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Home Grown Tomatoes and their Contributions to your
Most people still refer to tomatoes as a vegetable even though botanically they are a fruit. Regardless of how
you refer to them, one thing tomatoes can be called by everyone is good for your health.
Tomatoes are by far the number one vegetable, er um, fruit, grown in the home vegetable garden. Depending
on which survey you have read, tomatoes outnumber its closest competitor by more than 3 to 1, which are
cucumbers in one survey I read and peppers in another.
Who can argue adding them to your garden? They are easy to grow from seed, can be started indoors, and
there are a wide variety of choices. With plenty of sun, fertile soil and regular waterings, you can have fresh
home grown tomatoes all summer long (in most parts of the world).
There are a number of health contributions that adding home grown tomatoes to your diet can attribute to. For
example, I recently had a chance to speak with board certified dermatologist and UCLA clinical professor, Dr.
“I like tomatoes because they are rich in lycopene- which helps reduce the number of free radicals. Free
radicals cause aging, wrinkles and contribute to the DNA damage,” says Dr. Kormeili. “Additionally, they
contain minerals, water, fiber and are a good source of vitamins A, B, C and E, which are important in skin
health and also free radical protection.”
While Dr. Kormeili is a staunch supporter of adding home grown tomatoes to your diet for all the positives,
she highly discourages the use of using tomatoes in a form of a topical face mask. She says doing this can
cause sensitivity and rash, and that tomatoes should always be consumed and not applied.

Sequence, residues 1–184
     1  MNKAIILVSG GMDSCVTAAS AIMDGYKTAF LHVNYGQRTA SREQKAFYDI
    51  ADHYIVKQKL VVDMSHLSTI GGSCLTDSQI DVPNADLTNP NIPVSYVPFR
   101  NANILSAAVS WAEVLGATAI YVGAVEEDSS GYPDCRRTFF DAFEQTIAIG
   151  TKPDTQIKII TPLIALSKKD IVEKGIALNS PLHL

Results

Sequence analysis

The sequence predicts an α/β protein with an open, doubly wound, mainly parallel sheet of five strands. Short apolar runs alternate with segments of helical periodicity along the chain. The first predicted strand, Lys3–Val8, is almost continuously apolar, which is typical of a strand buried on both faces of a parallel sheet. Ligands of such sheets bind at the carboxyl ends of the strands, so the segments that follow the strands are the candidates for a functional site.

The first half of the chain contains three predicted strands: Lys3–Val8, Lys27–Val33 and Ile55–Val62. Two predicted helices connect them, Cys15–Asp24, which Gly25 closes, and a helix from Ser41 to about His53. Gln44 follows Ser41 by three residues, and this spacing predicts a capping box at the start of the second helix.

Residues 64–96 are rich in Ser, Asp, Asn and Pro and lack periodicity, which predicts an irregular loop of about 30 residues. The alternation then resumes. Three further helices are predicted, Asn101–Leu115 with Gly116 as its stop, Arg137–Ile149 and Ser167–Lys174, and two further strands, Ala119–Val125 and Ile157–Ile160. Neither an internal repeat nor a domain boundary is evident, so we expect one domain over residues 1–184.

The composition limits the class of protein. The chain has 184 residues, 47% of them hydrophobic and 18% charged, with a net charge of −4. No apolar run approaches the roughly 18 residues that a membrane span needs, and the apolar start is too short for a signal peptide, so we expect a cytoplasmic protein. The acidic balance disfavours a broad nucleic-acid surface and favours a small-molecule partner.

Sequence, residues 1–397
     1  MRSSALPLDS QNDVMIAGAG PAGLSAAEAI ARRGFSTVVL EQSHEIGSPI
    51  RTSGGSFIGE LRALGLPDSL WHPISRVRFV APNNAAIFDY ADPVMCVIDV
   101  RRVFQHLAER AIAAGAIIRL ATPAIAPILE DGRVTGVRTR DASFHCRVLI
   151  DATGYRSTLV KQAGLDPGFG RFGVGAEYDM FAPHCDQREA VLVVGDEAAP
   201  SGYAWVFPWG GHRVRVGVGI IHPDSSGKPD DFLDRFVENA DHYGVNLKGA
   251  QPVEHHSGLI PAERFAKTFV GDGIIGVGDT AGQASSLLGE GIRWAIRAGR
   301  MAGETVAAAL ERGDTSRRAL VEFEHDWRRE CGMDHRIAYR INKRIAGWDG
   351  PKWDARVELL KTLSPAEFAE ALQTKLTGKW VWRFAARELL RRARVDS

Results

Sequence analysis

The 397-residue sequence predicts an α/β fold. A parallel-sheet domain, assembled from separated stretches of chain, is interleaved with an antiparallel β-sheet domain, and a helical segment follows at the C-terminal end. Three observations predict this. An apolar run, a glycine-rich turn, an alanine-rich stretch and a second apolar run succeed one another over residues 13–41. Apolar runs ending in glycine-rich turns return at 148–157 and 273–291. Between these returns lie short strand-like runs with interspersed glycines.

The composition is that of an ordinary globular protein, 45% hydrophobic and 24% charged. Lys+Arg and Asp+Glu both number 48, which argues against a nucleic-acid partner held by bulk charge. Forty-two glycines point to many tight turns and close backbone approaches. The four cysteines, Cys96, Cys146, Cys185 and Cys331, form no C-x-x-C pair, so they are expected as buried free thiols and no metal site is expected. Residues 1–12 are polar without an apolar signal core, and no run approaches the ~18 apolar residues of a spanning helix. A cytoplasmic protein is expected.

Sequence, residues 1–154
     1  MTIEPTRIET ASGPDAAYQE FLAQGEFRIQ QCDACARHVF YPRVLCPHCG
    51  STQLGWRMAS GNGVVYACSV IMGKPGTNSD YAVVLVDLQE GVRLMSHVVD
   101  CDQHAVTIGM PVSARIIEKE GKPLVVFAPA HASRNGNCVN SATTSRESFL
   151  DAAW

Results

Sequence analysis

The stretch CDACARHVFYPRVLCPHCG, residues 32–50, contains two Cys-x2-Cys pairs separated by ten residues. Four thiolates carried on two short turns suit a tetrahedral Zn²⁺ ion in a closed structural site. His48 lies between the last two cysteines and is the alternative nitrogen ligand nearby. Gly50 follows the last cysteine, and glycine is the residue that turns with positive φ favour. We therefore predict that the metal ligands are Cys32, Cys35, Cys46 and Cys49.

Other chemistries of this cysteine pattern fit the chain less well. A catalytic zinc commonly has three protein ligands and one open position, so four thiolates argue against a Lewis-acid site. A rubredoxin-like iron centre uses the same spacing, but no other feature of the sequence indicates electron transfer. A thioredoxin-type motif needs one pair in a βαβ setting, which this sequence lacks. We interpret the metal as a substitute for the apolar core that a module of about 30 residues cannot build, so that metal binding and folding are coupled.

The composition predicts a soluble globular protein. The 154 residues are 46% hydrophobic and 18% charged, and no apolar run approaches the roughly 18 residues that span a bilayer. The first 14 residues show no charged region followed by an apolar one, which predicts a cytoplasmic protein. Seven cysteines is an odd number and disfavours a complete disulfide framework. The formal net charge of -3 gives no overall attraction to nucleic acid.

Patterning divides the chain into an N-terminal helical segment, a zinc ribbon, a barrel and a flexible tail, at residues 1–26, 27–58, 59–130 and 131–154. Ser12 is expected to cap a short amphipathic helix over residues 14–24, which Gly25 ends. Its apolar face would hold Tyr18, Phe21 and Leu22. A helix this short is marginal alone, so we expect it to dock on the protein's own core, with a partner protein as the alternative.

So how should homegrown tomatoes be prepared in the kitchen? For this information I turned to Charis
Freiman-Mendel, author of the book “Cook Your Way Through the S.A.T.”.
“Many vegetables lose their health potency if cooked, but not tomatoes,” Says Charis. “More carotenoids and
flavonoids (also anti-inflammatory and fight allergies) are absorbed from cooked tomatoes than from raw
tomatoes because cooking breaks them down and makes them more available to digestion.”
Here are some interesting points that Charis makes:
1. Cook tomatoes in olive oil to improve lycopene absorption. “Think bruschetta”, says Charis and if you need
a recipe be sure to check Charis’ website at www.SATgourmet.com
2. Homegrown, especially organic, tomatoes have more nutrients, according to Charis, than conventional sit
on the shelf varieties.
3. Tomatoes are low in calories. A perfect addition to any healthy eating plan.
4. Tomatoes are considered acidic which is undesirable, but it’s their acidic quality that helps fight urinary
With all that tomatoes have to offer for your health, wouldn’t it make sense to grow at least grow a few
plants at home? I believe so.
water can be a
make sure your
rain barrel is as
tight as possible
and try to use the
water collected at
least once per
week, even if it's
a little bit, to keep
the water moving"
Wednesday, April 4, 2012
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